The shiny new fermentation tank crowding patrons inside the Kettlehouse’s Myrtle Street taproom seems like just another addition to most. But regulars will tell you it’s one of many recent signs–from limited selection of brews on tap to growing after-work crowds—that a decision to begin marketing brew in canned 16-ounce four-packs was the right one after all. Now the small neighborhood brewery is struggling to keep pace with booming demand.
“It’s been phenomenal what they’ve done with that can,” says Jack Joseph, president of sales for Missoula’s Summit Beverage. Two years ago, Kettlehouse broke with other brewers when it decided to begin marketing the now-ubiquitous tall boys seen near boats, barbecues, and backpacks across western Montana. Now, the lion’s share of Kettlehouse’s 3,000-barrel yearly production goes to a widening regional market of wholesale accounts—restaurants, bars, convenience stores, and grocers—including over 500 in Missoula County alone.
“It’s really brought their beer full-tilt,” Joseph says, noting a 300 percent growth in sales over the past two years.
The hustle to balance high-volume outside sales with a loyal following of local taproom patrons recently shrank the in-house selection to just a couple brews. But despite the state’s 48-ounce limit on taproom consumption, patrons can still purchase unlimited amounts to take off-premise. Un-phased, crowds continue to fill the taproom on any given weeknight.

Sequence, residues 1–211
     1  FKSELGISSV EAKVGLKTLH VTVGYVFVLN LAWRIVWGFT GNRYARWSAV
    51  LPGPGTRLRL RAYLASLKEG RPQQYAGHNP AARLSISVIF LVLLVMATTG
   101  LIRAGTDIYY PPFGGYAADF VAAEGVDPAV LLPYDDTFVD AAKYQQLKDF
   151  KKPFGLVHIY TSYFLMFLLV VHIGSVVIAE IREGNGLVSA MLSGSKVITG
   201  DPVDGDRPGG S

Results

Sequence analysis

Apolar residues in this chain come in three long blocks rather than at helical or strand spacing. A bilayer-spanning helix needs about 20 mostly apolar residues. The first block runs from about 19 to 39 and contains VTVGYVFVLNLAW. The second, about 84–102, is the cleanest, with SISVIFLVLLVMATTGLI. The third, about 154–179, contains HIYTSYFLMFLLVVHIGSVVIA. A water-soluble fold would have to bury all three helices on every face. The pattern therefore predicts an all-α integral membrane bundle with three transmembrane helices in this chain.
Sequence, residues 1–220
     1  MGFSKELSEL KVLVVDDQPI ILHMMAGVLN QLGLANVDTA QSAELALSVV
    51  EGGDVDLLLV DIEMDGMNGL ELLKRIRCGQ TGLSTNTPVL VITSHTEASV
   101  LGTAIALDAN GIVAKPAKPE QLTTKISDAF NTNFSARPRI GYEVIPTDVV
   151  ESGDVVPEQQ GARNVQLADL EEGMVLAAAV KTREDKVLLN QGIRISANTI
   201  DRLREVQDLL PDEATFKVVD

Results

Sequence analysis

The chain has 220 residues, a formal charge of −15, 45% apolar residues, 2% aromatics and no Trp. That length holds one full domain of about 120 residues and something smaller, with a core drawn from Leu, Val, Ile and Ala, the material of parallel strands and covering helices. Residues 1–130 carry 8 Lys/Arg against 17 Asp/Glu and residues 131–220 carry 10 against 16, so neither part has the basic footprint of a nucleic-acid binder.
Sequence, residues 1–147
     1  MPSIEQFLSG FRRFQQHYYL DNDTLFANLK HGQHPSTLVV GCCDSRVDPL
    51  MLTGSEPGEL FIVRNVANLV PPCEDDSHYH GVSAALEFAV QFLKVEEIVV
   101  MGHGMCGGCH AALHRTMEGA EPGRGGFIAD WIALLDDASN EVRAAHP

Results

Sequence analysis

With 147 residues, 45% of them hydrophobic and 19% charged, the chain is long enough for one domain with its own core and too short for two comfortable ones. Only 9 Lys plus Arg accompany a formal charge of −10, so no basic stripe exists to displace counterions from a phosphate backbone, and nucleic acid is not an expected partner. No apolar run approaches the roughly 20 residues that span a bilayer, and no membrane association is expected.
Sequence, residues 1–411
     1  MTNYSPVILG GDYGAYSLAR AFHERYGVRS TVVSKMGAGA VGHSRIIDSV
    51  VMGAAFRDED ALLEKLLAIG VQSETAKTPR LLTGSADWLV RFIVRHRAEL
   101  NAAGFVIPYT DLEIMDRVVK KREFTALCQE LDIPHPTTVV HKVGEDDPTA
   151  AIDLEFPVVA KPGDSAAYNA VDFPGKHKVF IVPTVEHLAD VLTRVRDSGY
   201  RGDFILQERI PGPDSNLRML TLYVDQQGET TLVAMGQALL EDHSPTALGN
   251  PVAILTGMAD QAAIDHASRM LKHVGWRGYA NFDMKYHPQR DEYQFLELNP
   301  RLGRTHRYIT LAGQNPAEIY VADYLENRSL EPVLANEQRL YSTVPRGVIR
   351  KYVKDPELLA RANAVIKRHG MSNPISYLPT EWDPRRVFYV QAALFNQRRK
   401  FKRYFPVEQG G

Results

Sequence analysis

“Our customers are really dedicated,” says Al Pils, the brewery’s retail manager. Recreation-minded regulars nagged brewery staff long ago to begin packaging in cans, Pils says. Cans are lighter, safer, perceived as more environmentally friendly (glass recycling is currently unavailable locally), and far easier to pack on the river, in the mountains, or at a crowded backyard shindig—all the places locals want them.
Supply woes might not end until late fall, Pils says, when Kettlehouse hopes to ramp up production at a new North First Street location.